- Over $100,000 to the UMC Timothy J. Harnar Burn Center in Lubbock, Texas since 2013
- A sizeable donation to the Sheldon Kennedy Child Advocacy Centre in 2015
- Matched employee contributions of $18,302 in 2017 for Fort McMurray wildfire relief
- Donations to food banks or other community-centric charities in all locations Stream-Flo operates in from 2015-2021
- $185,000 to the Alberta Cancer Foundation in 2017 for a laser microscope that aims to greatly improve non-invasive prostate and breast cancer detection
In terms of gauging the success achieved over the past six decades, Stream-Flo’s expansion and growth provides good insight. Starting with just one manufacturing plant, the company now has 34 locations in eight countries, with strategically located satellite offices in both major and developing energy markets to better capitalize on current and future opportunities.
Behind it all have been three key tenets that have driven the company and its products forward: quality, a near obsession with providing customer satisfaction, and deep recognition of the people it has taken to achieve the first two.
“I’ve got so much respect for our people and suppliers,” says Duncan. “They are just unbelievable, they really are.”
With the overarching mission of delivering value to energy producers by tailoring its expertise for today and investing in tomorrow — through things such as new product lines, strategic acquisitions, building inventory, and expanding during the lean times counter to the strategies of its competitors, along with the development and implementation of new technologies — Stream-Flo has more than held its own against some of the biggest names in the oil and gas equipment and service markets.
A remarkable achievement for a private company that started with just Duncan and a few other employees, as Stream-Flo now boasts more than a thousand across the globe. But Mark says the true number is even higher.
“I like to tell people we have over 4,000 dependents,” said Mark. “The families of our employees have been critical to our success over the past 60 years, with them allowing our staff to commit the extra hours needed during busy stretches, sometimes having to make sacrifices for the betterment of the company.”
Comprising a large chunk of that staff is a renowned engineering department that has obtained 40 patents since first being established in 1975. Notable achievements for the group include the novel idea of a composite pumping tree, as well as the herculean task of designing, developing, and manufacturing a 48″ subsea swing check valve — the world’s largest at the time.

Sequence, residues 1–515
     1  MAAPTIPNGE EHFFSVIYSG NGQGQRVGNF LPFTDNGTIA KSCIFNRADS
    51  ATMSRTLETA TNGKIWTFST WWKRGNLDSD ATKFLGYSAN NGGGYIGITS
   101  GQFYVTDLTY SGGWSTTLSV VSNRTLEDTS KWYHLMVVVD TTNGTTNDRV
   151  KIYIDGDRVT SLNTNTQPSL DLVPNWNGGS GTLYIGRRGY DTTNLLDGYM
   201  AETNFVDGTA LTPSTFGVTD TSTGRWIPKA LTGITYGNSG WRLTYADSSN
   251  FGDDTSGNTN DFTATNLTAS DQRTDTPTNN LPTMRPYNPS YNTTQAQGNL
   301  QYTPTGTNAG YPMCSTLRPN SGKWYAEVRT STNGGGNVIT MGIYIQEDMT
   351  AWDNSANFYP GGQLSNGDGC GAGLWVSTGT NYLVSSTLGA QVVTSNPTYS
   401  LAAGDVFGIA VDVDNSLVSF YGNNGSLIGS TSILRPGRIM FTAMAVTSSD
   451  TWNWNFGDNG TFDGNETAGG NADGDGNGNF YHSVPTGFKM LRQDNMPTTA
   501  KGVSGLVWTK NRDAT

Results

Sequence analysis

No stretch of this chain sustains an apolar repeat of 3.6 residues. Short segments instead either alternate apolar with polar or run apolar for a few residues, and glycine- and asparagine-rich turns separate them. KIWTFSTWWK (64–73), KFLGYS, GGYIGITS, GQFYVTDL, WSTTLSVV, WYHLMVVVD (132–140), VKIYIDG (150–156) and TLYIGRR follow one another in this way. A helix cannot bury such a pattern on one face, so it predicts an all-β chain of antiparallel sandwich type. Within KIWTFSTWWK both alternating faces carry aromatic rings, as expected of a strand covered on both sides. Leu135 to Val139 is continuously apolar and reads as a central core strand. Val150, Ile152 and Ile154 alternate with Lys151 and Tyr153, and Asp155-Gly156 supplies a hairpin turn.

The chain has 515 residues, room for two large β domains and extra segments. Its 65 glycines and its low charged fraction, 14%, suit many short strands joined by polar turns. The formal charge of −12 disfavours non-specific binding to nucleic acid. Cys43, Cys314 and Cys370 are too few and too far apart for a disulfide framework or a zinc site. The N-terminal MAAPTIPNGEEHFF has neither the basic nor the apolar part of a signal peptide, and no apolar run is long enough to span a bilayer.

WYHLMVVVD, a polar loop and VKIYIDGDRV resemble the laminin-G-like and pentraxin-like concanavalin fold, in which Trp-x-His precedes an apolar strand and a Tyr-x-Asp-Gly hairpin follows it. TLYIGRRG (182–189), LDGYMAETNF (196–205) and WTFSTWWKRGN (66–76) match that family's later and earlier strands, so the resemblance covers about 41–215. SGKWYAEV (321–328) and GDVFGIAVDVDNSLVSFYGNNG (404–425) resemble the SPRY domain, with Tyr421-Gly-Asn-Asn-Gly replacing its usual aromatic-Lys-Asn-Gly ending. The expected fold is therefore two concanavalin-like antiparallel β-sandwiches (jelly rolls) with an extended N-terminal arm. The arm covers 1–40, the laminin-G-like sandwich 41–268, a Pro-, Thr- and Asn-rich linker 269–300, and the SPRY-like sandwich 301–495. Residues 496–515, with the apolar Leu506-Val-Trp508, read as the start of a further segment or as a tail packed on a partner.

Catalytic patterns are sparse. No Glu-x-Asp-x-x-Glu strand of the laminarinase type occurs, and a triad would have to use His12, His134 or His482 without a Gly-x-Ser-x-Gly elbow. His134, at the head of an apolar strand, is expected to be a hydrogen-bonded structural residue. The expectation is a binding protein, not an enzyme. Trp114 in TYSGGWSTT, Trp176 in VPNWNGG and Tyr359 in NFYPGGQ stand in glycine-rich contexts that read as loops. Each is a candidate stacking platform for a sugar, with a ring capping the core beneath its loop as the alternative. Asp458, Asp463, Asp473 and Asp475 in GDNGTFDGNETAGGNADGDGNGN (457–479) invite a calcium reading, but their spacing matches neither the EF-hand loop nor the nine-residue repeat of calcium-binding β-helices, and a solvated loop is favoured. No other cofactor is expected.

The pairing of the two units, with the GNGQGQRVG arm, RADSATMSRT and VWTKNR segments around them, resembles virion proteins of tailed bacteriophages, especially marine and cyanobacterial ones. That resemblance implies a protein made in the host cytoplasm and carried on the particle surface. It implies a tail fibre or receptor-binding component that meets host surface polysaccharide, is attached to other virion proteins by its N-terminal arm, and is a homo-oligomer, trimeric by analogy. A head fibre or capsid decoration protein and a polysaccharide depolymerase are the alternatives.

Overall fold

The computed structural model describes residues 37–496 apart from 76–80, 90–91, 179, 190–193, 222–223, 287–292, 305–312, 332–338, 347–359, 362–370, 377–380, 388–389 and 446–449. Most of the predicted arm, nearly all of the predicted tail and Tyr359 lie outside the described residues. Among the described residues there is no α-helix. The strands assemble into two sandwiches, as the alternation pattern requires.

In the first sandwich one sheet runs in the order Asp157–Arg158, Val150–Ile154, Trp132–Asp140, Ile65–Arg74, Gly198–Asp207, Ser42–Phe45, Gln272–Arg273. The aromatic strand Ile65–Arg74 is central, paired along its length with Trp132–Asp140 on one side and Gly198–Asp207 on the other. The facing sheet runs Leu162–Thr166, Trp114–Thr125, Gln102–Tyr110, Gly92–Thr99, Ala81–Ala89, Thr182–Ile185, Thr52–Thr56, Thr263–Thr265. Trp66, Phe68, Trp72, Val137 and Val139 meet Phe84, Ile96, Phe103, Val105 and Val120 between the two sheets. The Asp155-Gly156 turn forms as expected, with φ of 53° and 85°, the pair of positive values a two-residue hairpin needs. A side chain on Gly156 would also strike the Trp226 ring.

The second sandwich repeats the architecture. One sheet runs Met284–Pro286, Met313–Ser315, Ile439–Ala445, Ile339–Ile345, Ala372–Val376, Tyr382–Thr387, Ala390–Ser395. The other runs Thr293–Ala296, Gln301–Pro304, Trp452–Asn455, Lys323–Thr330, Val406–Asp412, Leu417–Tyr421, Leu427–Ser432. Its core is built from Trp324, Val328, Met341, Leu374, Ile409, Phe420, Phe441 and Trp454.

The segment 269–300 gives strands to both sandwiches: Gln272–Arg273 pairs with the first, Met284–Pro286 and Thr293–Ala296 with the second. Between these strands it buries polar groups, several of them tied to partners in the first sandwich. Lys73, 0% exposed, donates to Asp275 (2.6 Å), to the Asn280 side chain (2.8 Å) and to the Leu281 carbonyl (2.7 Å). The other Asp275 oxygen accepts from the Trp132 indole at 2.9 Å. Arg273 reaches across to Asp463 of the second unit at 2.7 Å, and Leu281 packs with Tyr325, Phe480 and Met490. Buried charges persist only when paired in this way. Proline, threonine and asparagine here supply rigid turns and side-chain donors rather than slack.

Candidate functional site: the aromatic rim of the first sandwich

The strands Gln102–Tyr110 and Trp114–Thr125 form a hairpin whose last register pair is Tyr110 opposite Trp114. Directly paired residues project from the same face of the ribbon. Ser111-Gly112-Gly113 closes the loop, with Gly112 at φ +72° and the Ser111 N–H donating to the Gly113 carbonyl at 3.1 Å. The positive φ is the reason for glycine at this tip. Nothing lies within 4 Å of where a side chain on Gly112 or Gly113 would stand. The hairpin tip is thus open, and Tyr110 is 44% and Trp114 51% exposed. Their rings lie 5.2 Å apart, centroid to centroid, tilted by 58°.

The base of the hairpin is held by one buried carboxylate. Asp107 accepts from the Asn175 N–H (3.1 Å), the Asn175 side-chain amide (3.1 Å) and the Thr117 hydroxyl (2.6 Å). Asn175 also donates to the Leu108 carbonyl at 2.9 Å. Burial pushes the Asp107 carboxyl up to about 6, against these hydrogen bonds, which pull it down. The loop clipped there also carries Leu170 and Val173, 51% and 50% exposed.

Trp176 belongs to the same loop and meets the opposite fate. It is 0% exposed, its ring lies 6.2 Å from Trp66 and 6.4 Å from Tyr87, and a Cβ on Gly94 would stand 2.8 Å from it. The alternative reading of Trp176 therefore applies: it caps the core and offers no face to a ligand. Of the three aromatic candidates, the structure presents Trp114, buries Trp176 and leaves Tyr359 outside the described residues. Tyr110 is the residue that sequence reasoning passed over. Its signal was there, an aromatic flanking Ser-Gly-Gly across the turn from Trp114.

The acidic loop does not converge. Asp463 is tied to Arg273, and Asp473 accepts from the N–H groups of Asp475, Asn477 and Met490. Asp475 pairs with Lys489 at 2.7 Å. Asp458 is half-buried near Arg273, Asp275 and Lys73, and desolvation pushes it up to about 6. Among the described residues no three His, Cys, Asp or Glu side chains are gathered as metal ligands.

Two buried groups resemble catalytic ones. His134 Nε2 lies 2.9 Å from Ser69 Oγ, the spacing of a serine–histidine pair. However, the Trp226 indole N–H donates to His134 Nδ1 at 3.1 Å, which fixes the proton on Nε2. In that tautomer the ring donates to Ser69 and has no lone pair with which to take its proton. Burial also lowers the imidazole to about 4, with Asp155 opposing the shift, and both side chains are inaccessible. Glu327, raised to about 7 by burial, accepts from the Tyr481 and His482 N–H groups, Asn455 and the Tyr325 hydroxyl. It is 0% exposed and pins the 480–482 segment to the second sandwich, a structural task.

Their customer-driven approach has helped solidify Stream-Flo’s vaunted reputation for being the ones to call when an application-specific solution is needed, such as when the Alberta invention of steam-assisted gravity drainage (SAGD) was in its infancy.
Consulted extensively throughout the development of the SAGD application, Stream-Flo would end up providing the very first high-temperature wellheads on the two inaugural SAGD wells.
To this day, SAGD remains an integral part of its business, as Stream-Flo grows its presence in geothermal, hydrogen, CO2 storage, and many other applications that have an eye toward the future.
That hyper-focus on providing exactly what their customers need is also what led to the company becoming the first to offer 24-hour well servicing, along with becoming the first wellhead manufacturer to offer wellhead installation. Service offerings that drastically altered the oil and gas landscape in Canada, by saving customers significant amounts of time and money.
Meanwhile, the company’s commitment to being where their customers need them, when they need them, is a main driver behind their expansion over the last six decades, especially its branches that have been strategically positioned in developed and emerging markets.
“Whenever a customer needs an answer, or quickly needs equipment — especially when they’re in the field — they can contact us no matter the time or day and we can rapidly respond with a solution,” said Mark. “The same can’t be said for some of our competitors.”
As Stream-Flo reflects on six decades of success and the global presence it has spawned, the made-in Alberta success story’s latest expansion is one closer to home — a new branch in Lloydminster.
Bringing things back — for all intents and purposes, given Lloydminster’s unique geographic location — to the province where it all started in those heady and fear-inducing days of 1962.